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years ago, even though they continue to live in their five-bedroom home in Palm Beach County, Fla. And Florida retiree Charles Light is till holding on to his three-bedroom h om e i n t he s ce ni c G u l f C o as t community of Cape Coral, as well as a five-bedroom residence in the town of Bartow. It’s been almost two years ince he made a mortgage payment on either one. With the nation’s foreclosure system all but paralyzed after an avalanche of loan failures and “robo-signing” scan-
dals, many delinquent homeowners
are defying lenders and staying put.
Instead of packing up and slinking
away, they’re living for free, some-
times for years. They’re hiring lawyers to chal-
lenge their cases, and many are winning reprieves
or causing the process to stall even further.
“They go into a perpetual state of limbo where
nothing happens or the case goes very slowly,” says
Light’s attorney, Mark Stopa.
The extraordinary delays are hampering hope of a
housing market recovery and pushing this year’s troubles into
next year, says Rich Sharga, senior vice president at Realty Trac,
which tracks foreclosure data. The logjam also has kept thou-
sands of new cases from being filed.
“The system’s broken,” he says.
With about 4 million loans currently
in some stage of delinquency, lenders
and lawyers say nonpaying owners are
living in moderate to lavish communi-
ties across the country.
Often, banks are not pushing to go to
foreclosure. They seem to be in no hurry to add to their swollen inventory of
repossessed homes, which now stands
at a near record 862,000 nationwide.
Also contributing to the gridlock is
intense scrutiny by regulators stemming from the scandals in which banks
cut corners and falsified documents to
rush homeowners to foreclosure. Until their cases are resolved, owners can
legally remain in homes they would’ve
lost long ago in normal times.
“The [banks’] paperwork was so
messed up in so many cases that it’s
mind-boggling,” says Florida lawyer
Peter Ticktin, who represents the Segals. “The delay is huge.”
Ruben Martinez lost
his job and can’t manage
to save any money, though
he stopped paying his
mortgage six years ago.
Americans harbor mixed feelings about their nonpaying neighbors. Some are sympathetic to their financial plight.
Others see them as freeloaders who are gaming the system, an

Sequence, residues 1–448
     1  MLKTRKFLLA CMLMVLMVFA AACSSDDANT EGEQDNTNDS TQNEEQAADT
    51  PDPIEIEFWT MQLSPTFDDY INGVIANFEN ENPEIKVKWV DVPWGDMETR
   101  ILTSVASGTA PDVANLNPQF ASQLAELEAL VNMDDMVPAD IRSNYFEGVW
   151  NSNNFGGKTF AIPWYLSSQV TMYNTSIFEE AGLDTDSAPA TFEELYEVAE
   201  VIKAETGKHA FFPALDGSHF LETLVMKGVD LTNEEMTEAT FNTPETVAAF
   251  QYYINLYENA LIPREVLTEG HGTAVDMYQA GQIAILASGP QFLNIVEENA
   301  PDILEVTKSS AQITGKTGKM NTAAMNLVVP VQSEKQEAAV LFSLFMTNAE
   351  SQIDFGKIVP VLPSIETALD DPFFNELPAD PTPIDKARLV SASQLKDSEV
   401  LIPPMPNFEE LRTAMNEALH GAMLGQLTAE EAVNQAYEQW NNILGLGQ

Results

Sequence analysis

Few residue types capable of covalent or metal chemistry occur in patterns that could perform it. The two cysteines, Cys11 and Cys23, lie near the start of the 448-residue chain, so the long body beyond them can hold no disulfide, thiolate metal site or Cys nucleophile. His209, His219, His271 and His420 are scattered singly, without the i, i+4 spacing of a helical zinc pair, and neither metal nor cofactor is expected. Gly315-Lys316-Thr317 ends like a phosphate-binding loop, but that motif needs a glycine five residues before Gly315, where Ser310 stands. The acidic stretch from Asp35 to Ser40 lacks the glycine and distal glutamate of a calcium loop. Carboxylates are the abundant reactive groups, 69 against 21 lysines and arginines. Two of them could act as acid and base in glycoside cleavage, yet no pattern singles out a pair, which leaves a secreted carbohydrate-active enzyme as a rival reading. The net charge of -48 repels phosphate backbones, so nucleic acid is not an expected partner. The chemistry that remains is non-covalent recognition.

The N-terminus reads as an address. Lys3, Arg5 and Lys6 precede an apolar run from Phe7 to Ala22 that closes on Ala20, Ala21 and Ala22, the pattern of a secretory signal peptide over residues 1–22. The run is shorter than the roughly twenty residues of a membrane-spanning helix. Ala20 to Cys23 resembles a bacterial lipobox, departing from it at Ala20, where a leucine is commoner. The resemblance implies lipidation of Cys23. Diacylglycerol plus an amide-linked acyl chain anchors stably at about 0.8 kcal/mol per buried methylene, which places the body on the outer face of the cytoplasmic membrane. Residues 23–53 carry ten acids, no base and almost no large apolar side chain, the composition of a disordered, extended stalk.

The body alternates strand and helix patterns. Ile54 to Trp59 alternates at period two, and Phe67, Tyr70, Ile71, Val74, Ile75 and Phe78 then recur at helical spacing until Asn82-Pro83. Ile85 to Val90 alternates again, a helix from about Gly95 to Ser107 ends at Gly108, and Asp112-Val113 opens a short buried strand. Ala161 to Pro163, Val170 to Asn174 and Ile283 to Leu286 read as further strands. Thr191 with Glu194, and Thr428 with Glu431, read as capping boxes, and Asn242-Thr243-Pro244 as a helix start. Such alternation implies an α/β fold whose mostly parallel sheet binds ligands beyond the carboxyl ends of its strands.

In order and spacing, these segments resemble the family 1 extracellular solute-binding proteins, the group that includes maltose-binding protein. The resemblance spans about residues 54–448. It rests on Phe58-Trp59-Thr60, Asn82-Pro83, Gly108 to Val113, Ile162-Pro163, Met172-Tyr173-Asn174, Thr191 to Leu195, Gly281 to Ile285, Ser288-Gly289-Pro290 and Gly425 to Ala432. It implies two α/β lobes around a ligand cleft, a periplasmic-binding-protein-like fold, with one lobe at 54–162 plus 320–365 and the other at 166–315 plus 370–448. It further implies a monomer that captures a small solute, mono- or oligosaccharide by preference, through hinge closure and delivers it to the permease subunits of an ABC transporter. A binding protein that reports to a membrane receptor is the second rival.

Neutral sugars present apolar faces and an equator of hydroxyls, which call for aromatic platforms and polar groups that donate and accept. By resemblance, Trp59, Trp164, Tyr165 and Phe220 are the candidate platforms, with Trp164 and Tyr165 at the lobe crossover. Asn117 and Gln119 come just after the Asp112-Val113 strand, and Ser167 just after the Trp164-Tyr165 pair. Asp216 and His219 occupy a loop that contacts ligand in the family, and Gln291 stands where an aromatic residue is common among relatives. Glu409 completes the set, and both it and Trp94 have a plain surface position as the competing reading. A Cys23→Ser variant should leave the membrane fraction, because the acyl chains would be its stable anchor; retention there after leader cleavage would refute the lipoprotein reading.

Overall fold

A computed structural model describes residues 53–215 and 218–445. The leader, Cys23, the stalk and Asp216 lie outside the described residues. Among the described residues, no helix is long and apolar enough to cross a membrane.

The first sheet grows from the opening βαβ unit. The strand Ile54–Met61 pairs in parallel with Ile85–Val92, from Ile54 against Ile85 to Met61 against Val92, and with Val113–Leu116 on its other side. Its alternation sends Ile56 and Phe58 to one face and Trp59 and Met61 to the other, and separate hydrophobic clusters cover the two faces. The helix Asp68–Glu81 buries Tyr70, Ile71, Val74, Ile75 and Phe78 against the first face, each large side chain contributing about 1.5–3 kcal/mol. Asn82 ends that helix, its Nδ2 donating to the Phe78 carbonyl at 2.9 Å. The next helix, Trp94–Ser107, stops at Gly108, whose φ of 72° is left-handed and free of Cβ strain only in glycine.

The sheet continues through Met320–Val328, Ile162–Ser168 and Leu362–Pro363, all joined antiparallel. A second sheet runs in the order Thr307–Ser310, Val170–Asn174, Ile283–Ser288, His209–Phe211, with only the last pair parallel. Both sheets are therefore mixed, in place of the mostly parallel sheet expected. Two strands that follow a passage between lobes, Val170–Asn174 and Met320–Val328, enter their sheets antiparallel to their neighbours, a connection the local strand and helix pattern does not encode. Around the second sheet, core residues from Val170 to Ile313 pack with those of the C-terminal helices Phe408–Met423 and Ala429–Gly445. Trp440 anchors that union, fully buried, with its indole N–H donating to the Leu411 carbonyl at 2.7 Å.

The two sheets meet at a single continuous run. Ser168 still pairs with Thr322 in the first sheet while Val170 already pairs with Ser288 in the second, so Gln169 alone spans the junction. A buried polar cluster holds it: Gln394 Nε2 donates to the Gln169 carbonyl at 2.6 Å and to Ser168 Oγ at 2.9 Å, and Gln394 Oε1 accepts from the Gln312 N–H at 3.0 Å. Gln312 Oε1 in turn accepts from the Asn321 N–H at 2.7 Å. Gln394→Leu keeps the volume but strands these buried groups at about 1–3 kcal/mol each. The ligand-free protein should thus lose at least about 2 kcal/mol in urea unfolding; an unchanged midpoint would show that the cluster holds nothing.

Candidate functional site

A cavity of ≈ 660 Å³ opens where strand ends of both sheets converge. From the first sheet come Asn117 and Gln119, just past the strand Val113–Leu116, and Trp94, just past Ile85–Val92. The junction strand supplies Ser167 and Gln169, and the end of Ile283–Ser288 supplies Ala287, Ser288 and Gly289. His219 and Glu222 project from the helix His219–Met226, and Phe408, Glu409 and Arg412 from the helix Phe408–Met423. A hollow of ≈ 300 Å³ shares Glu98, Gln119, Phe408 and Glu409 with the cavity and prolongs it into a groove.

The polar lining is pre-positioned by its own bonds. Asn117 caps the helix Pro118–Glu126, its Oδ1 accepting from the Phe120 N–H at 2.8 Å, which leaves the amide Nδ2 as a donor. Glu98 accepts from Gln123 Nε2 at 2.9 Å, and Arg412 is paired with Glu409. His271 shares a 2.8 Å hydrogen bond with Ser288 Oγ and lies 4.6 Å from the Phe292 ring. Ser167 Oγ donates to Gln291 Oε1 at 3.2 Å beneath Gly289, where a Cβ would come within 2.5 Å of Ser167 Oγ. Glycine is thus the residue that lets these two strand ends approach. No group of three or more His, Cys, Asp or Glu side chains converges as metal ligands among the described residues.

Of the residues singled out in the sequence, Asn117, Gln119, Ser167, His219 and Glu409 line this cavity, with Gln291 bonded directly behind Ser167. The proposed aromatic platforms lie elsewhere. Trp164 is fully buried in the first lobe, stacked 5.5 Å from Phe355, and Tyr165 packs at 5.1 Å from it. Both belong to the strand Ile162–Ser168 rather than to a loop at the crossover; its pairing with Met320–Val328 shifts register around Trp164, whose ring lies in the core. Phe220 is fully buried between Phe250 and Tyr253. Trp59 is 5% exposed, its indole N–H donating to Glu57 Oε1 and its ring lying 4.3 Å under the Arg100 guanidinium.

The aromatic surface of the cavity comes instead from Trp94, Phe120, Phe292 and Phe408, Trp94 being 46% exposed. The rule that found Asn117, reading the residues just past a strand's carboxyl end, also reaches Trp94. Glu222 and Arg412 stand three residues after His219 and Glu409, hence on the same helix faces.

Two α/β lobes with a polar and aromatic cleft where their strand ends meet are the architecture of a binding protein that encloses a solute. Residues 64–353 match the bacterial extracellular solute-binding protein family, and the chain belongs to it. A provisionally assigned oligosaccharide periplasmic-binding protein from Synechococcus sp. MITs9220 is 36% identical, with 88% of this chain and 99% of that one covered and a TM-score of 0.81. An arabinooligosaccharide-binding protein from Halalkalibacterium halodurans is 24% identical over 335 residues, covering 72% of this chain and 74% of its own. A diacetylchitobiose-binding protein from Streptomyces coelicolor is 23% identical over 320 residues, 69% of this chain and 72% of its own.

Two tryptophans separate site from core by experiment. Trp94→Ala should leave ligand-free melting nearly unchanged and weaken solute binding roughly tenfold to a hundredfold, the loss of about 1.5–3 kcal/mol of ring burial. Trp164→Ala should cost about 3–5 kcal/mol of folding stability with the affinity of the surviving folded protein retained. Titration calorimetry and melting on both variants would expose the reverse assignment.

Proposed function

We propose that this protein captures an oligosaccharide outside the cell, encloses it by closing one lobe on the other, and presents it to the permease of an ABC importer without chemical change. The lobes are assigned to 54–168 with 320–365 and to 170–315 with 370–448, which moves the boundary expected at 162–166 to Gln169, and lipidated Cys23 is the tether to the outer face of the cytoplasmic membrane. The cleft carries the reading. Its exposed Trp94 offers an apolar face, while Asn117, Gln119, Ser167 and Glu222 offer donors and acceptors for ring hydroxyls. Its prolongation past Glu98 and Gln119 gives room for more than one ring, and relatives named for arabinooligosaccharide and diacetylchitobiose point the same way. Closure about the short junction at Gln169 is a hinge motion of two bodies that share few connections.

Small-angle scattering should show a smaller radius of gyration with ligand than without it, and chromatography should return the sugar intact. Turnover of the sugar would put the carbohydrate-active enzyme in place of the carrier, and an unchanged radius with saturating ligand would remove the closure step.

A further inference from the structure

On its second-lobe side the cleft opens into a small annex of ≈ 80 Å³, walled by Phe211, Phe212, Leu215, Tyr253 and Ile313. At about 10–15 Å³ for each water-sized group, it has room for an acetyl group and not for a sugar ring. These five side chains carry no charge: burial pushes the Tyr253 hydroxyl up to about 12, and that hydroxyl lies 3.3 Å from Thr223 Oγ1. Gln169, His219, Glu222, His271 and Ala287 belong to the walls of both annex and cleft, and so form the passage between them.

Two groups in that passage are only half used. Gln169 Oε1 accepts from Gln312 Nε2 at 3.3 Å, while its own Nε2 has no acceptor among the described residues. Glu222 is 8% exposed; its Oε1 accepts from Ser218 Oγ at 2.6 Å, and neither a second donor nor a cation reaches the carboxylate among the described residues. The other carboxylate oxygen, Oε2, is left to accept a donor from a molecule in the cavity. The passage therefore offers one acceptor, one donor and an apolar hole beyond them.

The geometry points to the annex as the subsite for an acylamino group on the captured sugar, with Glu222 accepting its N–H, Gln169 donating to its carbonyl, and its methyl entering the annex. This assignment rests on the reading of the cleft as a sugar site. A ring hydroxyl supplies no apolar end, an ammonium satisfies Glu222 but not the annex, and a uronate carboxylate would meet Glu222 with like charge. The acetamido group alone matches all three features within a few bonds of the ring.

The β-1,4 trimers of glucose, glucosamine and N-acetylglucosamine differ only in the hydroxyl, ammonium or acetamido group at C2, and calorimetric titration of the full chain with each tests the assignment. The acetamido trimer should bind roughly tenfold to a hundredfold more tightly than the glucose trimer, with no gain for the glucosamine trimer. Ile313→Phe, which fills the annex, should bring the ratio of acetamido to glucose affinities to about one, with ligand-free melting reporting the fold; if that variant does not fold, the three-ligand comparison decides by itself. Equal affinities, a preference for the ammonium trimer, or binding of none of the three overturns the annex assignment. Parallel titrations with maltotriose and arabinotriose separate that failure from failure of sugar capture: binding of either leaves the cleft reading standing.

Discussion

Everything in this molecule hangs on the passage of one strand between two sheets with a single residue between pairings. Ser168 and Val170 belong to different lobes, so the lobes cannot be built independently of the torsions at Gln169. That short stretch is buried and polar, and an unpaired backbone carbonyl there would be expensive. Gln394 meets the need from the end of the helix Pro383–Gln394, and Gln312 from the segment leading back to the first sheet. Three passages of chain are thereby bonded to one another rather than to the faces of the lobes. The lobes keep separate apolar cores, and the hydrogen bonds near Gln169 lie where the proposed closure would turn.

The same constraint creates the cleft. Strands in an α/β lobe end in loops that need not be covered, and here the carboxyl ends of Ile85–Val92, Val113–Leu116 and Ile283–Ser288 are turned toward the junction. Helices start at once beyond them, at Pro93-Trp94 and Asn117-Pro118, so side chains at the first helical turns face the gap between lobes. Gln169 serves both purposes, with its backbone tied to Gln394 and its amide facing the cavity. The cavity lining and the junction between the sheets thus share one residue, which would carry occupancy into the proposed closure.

insult to the millions of working homeowners struggling to pay
their mortgages on time. In Miami, Francisco Permuy and other
residents of his condominium building face higher homeowner
association fees to cover for nonpaying owners who continue
to live in the building. “Some people are very angry,” he says.
Not paying can give troubled borrowers a chance to get back on
solid financial ground. “I say take advantage and save $20,000,
$30,000, $40,000 or more in order to go live somewhere else,
or buy a house outright,” says Stopa, whose law offices are in
Tampa. He says that despite homeowners’ clamoring for help,
many banks never provided any. Now, he says, “homeowners
are doing what is in their own best interest.”
Bankers say the cost of living for free will ultimately result in
higher interest rates shouldered by people who had nothing to
do with these delinquencies. “It will be factored into all mort-
gages so future borrowers will be paying more,” says Bob Davis,
executive vice president at the American Bankers Association.
Delinquent borrowers say they have few options. They cite
job loss, collapsed real estate values and subprime mortgages
that reset to unaffordable heights.
Martinez, 58, says he would happily trade places with a working, paying homeowner. “I don’t like how I’m living. It’s embarrassing to me,” says Martinez, who lost his job six years ago and
fell behind on his mortgage. The bank demanded a $7,000 payment. He offered $3,500; the bank wanted the entire amount.
“What was I supposed to do?
If I could strike a deal with my
lender, I would,” says Marti-
nez. “People who feel it’s un-
fair, they’re entitled to their
opinion, but they should make
sure they have the facts before
they make a judgment.”
Borrowers like Martinez face
serious consequences that
could last for years. Bank-im-
posed fees, interest and fines
covering the time the home
goes unpaid continue to drive
up the mortgage principal.
Moreover, once a foreclosure
goes through, banks can file
suit for the balance unless
The Segals haven’t
paid their mortgage in
four years and now owe
twice what the home is
worth. Their foreclosure
case is pending.